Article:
A Distant Cousin Offers a Missing Piece to the Puzzle by Aleah Moya Fajardo

I always thought that Ancestry would open up the floodgates to all that truths of my identity and family history that I had struggled with learning all my life. Through the process of uncovering these truths, I have witnessed the effects of intergenerational trauma on both sides of my family. It became evident when I realized that there seemed to be a filter on what stories my family decided to contribute to the education of who we are as a people. I acknowledged that this happened because there were certain memories that they didn’t want to relive or relationships that they wanted to forget. There was an understanding that followed but still has a taken an extreme amount of patience to accept.

On my mother’s side, we know about our indigenous roots but never managed to get past “your great grandmother grew up on a reservation somewhere in Arizona.” She also allegedly spoke the native language but was eventually lost after relocating to California. I had also heard very little but a lot more of my grandmother’s only love, who was from Guatemala. His history revolved around the escapades that he and my grandmother experienced when they went to visit his family back home. My grandmother swore that she would never fly in a plane so she made him journey by car. Those adventure tales were also accompanied by social cues I picked up on to stop talking about him. I found out from my mother that he died from an overdose in the house that he and my grandmother once shared. In the same way, I had never learned about my paternal biological grandfather. It took this project for me to figure out that my dad had a middle name and still, no one knows if it’s Jess or Jesus. My dad and his father had their own tribulations that he has never spoken of even till this day.

I hoped that this project would reveal the historical gaps that could somehow complete the puzzle I have been trying to solve. When it came to filling in the information for my family tree, I had no problem inserting the stats for my immediate family. I asked my parents for the data on their parents, but they surprisingly didn’t know anything beyond their name and birth date. My mom knew the name of her dad but not where in Guatemala he came from or why he came and so forth. My paternal grandmother gave me the information for her mom, which ended up being wrong, and couldn’t recall the facts about her dad beyond his street name. She didn’t know some of the fine details of her grandmother either which was surprising to me because they had been so close. It made me wonder about the stories that her grandmother neglected to share and why.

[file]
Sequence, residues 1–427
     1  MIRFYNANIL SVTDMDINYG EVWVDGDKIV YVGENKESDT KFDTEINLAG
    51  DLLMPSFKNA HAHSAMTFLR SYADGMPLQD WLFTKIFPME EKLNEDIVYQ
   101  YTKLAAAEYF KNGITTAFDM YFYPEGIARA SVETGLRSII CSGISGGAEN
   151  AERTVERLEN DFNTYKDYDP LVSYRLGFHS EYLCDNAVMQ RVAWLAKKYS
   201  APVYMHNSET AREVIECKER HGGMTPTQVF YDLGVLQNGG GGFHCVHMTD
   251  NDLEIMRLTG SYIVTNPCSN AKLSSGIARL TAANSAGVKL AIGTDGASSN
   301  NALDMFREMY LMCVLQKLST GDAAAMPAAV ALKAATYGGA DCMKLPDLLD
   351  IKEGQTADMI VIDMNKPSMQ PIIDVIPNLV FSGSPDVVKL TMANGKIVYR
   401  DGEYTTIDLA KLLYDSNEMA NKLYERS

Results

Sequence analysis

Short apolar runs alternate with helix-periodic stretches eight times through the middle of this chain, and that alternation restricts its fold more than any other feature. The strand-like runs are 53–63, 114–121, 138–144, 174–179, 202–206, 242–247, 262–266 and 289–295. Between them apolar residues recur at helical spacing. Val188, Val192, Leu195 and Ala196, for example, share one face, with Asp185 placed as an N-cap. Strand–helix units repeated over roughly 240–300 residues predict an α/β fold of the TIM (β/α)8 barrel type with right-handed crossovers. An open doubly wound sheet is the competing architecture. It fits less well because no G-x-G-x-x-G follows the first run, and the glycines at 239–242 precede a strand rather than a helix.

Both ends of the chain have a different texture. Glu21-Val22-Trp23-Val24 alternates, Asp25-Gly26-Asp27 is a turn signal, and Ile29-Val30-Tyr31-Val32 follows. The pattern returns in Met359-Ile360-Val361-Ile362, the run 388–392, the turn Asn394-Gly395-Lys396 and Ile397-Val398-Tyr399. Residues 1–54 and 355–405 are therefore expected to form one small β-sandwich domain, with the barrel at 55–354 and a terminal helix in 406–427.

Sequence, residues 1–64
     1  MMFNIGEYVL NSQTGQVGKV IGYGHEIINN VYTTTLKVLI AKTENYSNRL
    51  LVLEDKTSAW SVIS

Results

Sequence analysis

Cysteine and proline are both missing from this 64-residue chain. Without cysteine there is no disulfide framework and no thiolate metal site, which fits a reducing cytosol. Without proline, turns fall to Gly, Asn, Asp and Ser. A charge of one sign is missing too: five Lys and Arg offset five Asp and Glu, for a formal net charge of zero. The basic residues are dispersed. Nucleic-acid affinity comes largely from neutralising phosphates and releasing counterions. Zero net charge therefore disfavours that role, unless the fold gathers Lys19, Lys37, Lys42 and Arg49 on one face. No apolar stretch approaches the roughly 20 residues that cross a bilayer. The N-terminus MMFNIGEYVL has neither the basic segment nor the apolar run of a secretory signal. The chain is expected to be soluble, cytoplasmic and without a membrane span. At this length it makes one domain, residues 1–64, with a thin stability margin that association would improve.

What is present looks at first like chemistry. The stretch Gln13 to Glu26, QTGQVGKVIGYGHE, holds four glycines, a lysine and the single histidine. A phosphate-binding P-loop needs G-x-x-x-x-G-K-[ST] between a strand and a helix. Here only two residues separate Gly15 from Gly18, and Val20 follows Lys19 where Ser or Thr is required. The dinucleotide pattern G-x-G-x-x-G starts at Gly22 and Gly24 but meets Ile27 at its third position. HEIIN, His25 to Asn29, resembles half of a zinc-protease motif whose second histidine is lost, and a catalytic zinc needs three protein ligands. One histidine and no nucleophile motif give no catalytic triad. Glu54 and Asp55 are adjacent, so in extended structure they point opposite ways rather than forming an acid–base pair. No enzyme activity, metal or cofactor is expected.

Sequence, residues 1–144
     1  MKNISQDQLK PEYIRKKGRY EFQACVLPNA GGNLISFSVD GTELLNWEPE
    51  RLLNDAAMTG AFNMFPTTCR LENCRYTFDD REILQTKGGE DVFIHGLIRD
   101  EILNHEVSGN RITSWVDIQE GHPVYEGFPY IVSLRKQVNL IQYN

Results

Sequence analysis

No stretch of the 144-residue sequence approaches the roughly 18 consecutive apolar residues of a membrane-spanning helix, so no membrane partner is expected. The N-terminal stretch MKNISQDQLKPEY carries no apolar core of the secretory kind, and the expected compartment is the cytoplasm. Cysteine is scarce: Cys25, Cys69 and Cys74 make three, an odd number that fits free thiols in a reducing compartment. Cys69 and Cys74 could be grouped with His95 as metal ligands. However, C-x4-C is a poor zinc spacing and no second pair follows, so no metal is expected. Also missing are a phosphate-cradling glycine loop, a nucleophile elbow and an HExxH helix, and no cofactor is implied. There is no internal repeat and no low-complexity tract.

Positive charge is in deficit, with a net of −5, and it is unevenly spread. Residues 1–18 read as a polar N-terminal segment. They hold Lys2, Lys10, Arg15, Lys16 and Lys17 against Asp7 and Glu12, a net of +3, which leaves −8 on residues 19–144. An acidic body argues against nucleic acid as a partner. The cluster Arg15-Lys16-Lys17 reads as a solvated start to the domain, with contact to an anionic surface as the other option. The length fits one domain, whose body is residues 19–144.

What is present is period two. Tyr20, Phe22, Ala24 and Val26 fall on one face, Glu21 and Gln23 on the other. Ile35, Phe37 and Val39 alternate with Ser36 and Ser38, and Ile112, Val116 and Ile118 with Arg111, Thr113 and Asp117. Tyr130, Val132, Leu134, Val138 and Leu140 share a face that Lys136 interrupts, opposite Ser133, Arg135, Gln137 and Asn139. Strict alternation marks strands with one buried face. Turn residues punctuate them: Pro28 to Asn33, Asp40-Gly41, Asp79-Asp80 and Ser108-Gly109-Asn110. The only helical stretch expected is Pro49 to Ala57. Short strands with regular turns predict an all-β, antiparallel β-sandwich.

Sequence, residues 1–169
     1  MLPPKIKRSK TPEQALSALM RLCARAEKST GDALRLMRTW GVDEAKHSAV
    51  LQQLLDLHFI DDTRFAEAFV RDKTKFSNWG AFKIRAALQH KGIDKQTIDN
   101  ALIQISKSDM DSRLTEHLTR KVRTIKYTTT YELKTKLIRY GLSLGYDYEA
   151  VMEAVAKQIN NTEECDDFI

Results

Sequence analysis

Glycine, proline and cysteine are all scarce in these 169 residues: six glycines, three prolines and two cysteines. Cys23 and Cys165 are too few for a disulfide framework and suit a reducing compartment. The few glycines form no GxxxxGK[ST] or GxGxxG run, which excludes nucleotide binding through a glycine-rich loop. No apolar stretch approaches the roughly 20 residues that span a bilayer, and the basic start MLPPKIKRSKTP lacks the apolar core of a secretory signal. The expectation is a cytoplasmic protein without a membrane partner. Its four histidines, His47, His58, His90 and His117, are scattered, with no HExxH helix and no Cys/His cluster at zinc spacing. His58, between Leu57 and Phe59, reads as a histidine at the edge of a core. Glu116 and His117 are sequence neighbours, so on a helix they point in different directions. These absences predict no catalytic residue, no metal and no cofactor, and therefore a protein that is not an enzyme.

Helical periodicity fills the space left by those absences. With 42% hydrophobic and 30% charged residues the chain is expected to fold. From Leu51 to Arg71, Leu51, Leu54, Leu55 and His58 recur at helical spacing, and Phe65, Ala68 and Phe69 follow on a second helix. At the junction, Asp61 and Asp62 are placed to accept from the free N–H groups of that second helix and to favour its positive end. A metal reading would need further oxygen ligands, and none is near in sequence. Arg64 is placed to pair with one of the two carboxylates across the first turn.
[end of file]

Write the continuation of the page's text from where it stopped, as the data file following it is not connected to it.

From the beginning, I knew that I was going into this with minimal information and would have to try reaching out to other family members to help build clarity. So far, I have backtracked the maternal side of the family by four generations. After taking the DNA test, I received a message from someone who turns to be a distant cousin now living in Seattle. It turned out that his grandmother and mine were sisters. I had never heard her name before he mentioned it to me, and I was able to confirm it with my mom. The site was a hard to navigate but I eventually wrote to a woman who was married to my great-grandmother’s brother’s son. She knew a lot more about our family tree than I did, so I morphed the two together. Through her, I now know that my great-grandmother is from the Pascua Yaqui Tribe in Arizona. Being in college I have learned more about the assimilation and resistance through the horrendous act of the colonization of indigenous peoples. I plan on learning more about those roots and hope to one day connect with the tribe that still occupies the land.

The flag of the Yaqui tribe in Arizona.

I haven’t had any luck with the paternal side of my family. I know that my biological grandpa died long before I was born. Since my dad lost contact with him even before that, he eventually lost contact with that entire part of our family. My grandmother never cared to keep up either. We were all from the same town so my grandma suggested that I look up their names in the city’s yellow pages to gain some leads. I did and all the numbers I called were disconnected or now owned by someone else. I have decided to give up on that part of me but hope that somewhere down the line I can possibly make connections.

Nonetheless, this assignment has given me insight to various perspectives. One being on the way we, as journalist, may try to ignorantly impose on people’s histories without understanding the weight that can come with bringing up certain recollections. Simple questions could trigger and draw up certain memories and it’s important to be aware of that. I’m still trying to understand where I fit in this society and this journey helps me understand that people are multidimensional and complex, and that it is imperative that they can tell their stories from their perspective even if they haven’t exactly figure that out yet. Never is it simple enough to generalize or make assumptions. The best way to go about reporting on issues involving diverse communities is by gaining an understanding and empathy for the situation at hand. Time and patience are required for this process to go well.  If that can’t be dedicated, it might not be worth putting effort into because the media has so much influence on how the rest of the world perceives different communities. The telling of stories deserves the time and delicacy it takes to live though them.

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